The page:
Wood Duck

Aix sponsa - Canard carolin Canard branchu

  • Order 


  • Family


  • Genus


  • Species



Linnaeus, 1758

  • Size
    : 54 cm
  • Wingspan
    : 68 à 74 cm.
  • Weight
    : 482 à 862 g

15 years

Geographic range



Canard carolin
♂ adult plum. breeding
Canard carolin
♀ adult plum. breeding

The Wood Duck is one of the most colorful ducks in North America and without a doubt the most beautiful of waterfowl. Its scientific name Aix sponsa already translates the beauty of its plumage as a waterfowl in a wedding dress. Sexual dimorphism during the mating season is very strong. At this time, the male's head is adorned with a multitude of electric reflections, deep blue and dark green on the top going towards purple on the nape. This same purple color is also found on the eye stripes and cheeks. The area of the ear coverts is rather black. These iridescent colors emphasize the intense red of the eye as well as the orange-red orbital circle. The head is finely marked with rounded white lines. A first part of the lores passes above the eyes and extends to the nape. A second, shorter one, starts from the back of the eyes and follows the first one in parallel until it also ends on the nape. From the chin and throat, both white, start two short, rounded white bands. One starts from the mandibles and comes up to the eyes encompassing the cheeks, the other, under the cheeks and goes up to the nape. The beak is red sideways, pink on top with a black line on the culmen, the nail is black and the base of the mandibles is yellow. The neck is marked with a large black line. The chest is a brownish-purple dotted with small white marks on the center. The flanks are ocher pale to gray. Vertical black and white bars separate the flanks from the sides of the chest. The belly and lower belly are white. The femoral area is purple. The back, shoulder blades, rump, upper coverts, lower coverts, and tail are black. The great and medium coverts are dark with blue reflections with black tips. The great primary coverts are gray-brown. The secondaries, i.e. the mirror, have blue reflections.The trailing edge is white. The legs and feet are blackish-yellow. The eclipse male resembles the female but has a different bill colour.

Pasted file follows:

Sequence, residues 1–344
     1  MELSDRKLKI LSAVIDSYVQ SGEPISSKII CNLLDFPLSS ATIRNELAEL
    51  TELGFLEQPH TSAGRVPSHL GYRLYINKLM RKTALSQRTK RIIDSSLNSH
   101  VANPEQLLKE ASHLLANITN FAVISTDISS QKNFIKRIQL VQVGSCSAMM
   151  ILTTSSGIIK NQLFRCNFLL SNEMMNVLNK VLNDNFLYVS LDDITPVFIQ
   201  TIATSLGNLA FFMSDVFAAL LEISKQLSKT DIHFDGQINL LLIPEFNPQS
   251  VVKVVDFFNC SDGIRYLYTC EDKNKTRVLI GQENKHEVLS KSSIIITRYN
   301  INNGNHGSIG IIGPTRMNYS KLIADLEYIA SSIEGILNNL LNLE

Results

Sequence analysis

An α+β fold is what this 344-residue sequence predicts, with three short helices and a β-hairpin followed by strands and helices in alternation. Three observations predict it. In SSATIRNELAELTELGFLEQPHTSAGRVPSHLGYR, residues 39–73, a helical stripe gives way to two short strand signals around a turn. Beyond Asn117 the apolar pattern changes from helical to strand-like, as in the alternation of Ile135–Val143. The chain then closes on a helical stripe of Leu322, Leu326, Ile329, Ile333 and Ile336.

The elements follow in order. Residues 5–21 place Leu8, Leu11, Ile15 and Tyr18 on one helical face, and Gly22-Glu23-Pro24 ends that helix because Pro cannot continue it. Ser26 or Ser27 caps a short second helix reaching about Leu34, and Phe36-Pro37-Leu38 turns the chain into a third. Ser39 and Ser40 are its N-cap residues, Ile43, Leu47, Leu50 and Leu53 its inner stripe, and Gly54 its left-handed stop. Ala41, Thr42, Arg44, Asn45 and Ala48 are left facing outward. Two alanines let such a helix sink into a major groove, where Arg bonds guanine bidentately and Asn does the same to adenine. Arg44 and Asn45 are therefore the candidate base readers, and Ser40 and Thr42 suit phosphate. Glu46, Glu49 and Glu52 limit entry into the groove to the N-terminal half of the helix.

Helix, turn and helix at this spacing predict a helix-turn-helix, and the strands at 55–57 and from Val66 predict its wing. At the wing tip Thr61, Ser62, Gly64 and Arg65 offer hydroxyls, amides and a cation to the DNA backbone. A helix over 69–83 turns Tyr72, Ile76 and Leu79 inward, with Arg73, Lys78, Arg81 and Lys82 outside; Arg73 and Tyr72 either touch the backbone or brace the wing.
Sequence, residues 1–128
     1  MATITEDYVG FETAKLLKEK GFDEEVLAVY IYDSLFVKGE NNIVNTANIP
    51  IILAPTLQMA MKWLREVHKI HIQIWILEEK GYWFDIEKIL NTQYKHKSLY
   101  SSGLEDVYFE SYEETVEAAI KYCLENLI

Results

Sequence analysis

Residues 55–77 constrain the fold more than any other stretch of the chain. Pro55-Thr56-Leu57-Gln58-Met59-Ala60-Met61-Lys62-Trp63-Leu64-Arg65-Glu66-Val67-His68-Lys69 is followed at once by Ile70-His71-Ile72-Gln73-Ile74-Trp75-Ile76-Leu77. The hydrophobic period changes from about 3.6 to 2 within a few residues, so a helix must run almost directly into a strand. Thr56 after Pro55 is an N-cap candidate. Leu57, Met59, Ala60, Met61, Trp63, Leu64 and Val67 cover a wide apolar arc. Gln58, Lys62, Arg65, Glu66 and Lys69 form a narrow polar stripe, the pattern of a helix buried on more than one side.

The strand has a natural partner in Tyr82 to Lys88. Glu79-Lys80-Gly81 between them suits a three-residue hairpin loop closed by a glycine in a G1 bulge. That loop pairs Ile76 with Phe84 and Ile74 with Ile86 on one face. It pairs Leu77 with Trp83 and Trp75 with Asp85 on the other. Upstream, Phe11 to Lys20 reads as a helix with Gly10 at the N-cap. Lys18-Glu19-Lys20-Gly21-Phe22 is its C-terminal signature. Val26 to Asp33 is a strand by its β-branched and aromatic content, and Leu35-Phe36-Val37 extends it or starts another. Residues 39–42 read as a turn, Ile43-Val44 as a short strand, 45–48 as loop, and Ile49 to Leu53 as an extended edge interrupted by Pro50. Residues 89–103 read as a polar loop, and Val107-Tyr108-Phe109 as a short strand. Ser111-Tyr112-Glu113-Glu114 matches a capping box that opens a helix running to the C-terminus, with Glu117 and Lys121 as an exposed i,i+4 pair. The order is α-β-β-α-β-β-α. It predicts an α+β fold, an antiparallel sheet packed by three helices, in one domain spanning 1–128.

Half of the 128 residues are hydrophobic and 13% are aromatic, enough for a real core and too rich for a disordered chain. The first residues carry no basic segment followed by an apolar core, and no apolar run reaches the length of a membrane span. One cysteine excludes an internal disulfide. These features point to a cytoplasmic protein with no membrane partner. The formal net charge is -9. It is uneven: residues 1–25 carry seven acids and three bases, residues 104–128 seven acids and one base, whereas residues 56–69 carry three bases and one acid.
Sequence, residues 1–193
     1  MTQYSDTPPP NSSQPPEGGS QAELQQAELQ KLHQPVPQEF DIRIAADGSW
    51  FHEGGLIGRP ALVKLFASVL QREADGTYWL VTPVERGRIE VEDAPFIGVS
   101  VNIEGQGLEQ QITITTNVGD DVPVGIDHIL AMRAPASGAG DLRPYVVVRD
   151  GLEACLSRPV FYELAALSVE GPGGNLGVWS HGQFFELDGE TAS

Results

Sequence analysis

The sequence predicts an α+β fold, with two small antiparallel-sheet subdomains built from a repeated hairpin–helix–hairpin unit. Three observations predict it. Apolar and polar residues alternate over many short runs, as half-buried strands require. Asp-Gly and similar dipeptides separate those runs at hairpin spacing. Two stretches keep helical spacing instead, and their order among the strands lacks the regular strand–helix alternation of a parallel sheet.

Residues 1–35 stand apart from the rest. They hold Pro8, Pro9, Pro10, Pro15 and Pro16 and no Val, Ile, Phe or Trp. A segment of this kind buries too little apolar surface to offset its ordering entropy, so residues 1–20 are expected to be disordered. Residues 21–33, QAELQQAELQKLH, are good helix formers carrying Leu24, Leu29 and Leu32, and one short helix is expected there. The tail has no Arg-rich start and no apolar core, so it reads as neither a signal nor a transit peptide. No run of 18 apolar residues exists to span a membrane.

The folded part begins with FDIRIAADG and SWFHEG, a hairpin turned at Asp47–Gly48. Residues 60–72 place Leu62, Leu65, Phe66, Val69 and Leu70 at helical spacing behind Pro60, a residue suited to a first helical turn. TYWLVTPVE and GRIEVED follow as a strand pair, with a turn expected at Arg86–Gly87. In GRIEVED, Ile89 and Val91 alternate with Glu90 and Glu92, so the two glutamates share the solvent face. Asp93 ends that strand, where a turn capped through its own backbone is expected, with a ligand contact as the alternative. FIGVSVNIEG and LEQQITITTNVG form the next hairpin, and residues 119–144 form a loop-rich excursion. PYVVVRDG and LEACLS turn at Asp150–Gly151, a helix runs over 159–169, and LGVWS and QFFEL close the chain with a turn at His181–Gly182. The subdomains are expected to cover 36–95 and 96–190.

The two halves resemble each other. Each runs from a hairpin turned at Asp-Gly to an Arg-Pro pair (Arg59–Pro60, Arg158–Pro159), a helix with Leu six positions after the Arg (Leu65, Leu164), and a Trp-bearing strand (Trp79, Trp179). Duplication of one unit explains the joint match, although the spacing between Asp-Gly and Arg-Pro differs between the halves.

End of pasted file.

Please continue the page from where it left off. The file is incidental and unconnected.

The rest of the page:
The female is duller, overall a weakly speckled grey-brown. The head is grey with a white throat. A white spot forming a drop pointed backwards surround the eye. A white line surrounds the base of the bill that stands out against the yellow mandibles. The bill is dark grey, the nail and culmen are blackish. The tomium is pale pink. The brown eye has a yellow orbital ring. The chest and flanks are brown speckled with yellow fawn. The belly and lower belly are white. The rest of the body is brown with golden reflections. The wings are partially the same as the male's but with wider trailing edges. The legs are brownish-yellow like the male's. In both sexes the head is crowned with a crest that falls onto the neck and the tail is rectangular.
The juvenile resembles the female but even duller. The head's pattern is less defined and the cap is light brown. The eye is pale brown surrounded by an indistinct pale white orbital ring. The bill is brown, the tomium like the female's.
The chick is dark brown on the top and pale yellow underneath. It has small white spots on the wings, the bill is blue, the legs are black.